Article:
Car shows were a vanishing species during last summer’s version of the plague, but they have begun to rebound with a vengeance as we head into the Summer of 2021.
The Chinook Country Cruisers car club hosted a show in Nanton, Alberta Canada this past weekend and it was a home run event for us. Nanton is a small southern Alberta community with a world class aviation museum that was conveniently located right next to the Chinook Country Cruisers’ car show.
Just for the record, this car club picked the right name since chinook winds occur every winter in this region because southern Alberta is famous for chinooks (warm and windy weather events raising the winter temperature in dramatic fashion) that scared the hell out of actor Leonardo de Caprio when he filmed a movie during an Alberta winter. Misguided environmental alarmist Leo thought he was experiencing dangerous global warming and provided a big laugh for the locals.
MyStarCollectorCar experienced a very warm small-town welcome during our visit to Nanton and would like to thank the Chinook Country Cruisers for their hospitality.
We would also like to thank the car club for providing an excellent opportunity for MyStarCollectorCar to gather some remarkable stories for our web pages.
One of the more unique cars at the show was a 1931 Reo Royale with less than 15,000 actual miles on its odometer. Bear in mind this car is now 80 years old and somehow survived the Great Depression, World War Two and disco.
The car still looks like it was built during the past five years and the Reo Royale’s current caretaker is only the third person to own it over the past 80 years. He had an amazing story about the car and MyStarCollectorCar was fortunate enough to interview him before he drove away in the Reo. It is important to note he loves to drive his Reo and has added about 2000 miles to its odometer that only read 10,800 miles when he bought it.
MyStarCollectorCar readers will thoroughly enjoy the entire story behind the 1931 Reo Royale in a future article. It was a rare car in 1931 and is now an extremely rare car that rivals the Loch Ness monster for rarity in 2021.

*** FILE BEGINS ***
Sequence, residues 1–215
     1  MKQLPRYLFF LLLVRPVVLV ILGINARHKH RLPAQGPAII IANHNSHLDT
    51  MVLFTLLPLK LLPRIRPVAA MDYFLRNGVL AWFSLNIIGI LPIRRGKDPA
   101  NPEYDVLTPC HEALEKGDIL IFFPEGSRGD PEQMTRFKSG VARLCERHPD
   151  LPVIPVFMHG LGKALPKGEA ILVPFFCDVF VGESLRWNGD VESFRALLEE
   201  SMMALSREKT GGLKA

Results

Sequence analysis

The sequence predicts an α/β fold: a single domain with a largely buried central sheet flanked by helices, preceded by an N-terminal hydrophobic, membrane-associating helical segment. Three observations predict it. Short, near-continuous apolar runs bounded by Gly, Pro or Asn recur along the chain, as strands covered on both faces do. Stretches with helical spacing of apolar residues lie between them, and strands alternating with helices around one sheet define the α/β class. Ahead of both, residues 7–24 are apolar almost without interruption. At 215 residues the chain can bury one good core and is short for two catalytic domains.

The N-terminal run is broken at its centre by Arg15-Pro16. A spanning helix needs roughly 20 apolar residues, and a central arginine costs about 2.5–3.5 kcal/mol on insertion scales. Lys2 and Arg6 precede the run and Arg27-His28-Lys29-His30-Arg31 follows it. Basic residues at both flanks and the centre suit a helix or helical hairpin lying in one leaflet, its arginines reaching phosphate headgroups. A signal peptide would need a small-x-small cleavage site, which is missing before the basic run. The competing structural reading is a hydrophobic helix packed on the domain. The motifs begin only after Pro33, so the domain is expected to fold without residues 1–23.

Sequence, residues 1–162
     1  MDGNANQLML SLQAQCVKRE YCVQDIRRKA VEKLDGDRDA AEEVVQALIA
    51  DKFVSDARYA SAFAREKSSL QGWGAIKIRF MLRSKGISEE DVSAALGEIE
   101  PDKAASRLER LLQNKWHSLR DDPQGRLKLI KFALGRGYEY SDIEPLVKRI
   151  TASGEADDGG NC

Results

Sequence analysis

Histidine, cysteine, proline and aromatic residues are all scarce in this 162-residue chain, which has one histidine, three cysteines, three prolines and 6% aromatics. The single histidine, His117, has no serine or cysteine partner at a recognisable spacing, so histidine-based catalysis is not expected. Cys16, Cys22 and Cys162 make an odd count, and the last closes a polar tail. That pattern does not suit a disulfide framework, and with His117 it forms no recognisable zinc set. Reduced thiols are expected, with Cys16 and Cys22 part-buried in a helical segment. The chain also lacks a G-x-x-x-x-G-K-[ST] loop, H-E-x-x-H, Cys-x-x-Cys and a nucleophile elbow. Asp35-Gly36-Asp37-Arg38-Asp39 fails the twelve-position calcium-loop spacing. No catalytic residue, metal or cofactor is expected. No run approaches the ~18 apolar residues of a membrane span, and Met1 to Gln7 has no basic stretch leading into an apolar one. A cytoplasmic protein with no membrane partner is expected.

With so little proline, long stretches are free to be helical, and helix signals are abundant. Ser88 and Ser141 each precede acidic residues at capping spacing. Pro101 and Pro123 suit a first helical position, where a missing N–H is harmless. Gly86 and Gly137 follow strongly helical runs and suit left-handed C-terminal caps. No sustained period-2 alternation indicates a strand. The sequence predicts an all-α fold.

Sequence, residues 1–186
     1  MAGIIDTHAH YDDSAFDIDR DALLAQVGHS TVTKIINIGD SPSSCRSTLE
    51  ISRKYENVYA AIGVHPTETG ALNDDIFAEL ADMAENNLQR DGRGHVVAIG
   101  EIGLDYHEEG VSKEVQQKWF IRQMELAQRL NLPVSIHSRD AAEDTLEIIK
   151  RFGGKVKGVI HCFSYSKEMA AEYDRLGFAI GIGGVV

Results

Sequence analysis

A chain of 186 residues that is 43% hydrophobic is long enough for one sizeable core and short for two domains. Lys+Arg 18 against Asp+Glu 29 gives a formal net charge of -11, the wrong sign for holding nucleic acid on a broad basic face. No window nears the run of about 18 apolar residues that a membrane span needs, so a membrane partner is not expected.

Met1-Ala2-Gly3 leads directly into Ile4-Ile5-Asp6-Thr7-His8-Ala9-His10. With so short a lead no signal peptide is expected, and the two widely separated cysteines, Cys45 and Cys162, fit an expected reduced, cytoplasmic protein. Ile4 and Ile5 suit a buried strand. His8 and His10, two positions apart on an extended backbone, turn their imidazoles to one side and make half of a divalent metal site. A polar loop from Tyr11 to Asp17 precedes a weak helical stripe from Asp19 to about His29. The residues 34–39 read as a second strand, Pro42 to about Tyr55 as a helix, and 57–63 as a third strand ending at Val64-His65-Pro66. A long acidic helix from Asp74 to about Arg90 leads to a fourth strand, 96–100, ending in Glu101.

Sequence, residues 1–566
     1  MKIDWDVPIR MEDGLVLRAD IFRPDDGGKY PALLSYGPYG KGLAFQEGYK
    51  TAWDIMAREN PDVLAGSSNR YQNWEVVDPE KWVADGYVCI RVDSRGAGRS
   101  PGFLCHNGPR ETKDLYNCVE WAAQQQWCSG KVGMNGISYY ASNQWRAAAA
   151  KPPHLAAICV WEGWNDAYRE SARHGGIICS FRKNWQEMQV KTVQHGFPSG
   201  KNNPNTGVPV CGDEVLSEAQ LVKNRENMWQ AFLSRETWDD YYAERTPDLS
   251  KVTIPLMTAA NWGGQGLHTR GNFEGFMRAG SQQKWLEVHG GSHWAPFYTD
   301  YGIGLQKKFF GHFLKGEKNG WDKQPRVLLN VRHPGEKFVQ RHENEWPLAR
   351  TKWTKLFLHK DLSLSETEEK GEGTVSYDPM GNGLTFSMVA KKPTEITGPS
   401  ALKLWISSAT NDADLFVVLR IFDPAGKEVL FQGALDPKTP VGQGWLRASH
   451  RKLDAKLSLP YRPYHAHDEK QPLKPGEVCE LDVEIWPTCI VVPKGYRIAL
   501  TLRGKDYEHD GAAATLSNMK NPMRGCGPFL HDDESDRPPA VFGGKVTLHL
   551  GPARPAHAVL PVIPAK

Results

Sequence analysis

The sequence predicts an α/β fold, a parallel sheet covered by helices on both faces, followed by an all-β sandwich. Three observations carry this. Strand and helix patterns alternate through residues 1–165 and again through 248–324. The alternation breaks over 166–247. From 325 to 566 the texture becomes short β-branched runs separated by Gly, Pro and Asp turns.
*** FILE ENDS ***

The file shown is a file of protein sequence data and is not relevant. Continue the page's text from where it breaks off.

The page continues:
Another fine addition to our unique ride stories from the Nanton show was a 1971 Dodge Dude pickup truck, also in original condition. This rare Mopar pickup was used for hard work during most of its time on the road, but it built a long history over the past 50 years.
Its current owner is a young car guy who was born long after his ’71 Dodge Dude left the dealership (with the original dealer’s decal still on the back end of the truck by the way), but he is old enough to pay attention to the truck’s history when he became its owner earlier this year. Stay tuned to MyStarCollectorCar for all the details about this remarkable Mopar truck in a future feature story.
Another young car guy was the proud owner of a 1967 Comet Cyclone GT two-door hardtop with a factory 390 big block engine under the hood. The car was a giant dismantled puzzle when he bought it , but he was able to reassemble it back to its original glory. MyStarCollectorCar is excited about sharing its tale with our readers in a future article.
Our final addition to the real live car show event in Nanton was a 1963 Mercury Meteor S33 2-door hardtop. The car’s name (Mercury Meteor) is a point of contention in car guy circles because it has been confused with the Canadian-only Meteor models from Ford of Canada. But there was indeed a Mercury Meteor model built for customers on both side of the US/Canada border during the early 1960s.
The owner of this beautiful ’63 Mercury Meteor will tell its entire story in a future MyStarCollectorCar piece.
BY: Jim Sutherland
Jim Sutherland is a veteran automotive writer whose work has been published by many major print and online publications. The list includes Calgary Herald, The Truth About Cars, Red Deer Advocate, RPM Magazine, Edmonton Journal, Montreal Gazette, Windsor Star, Vancouver Province, and Post Media Wheels Section.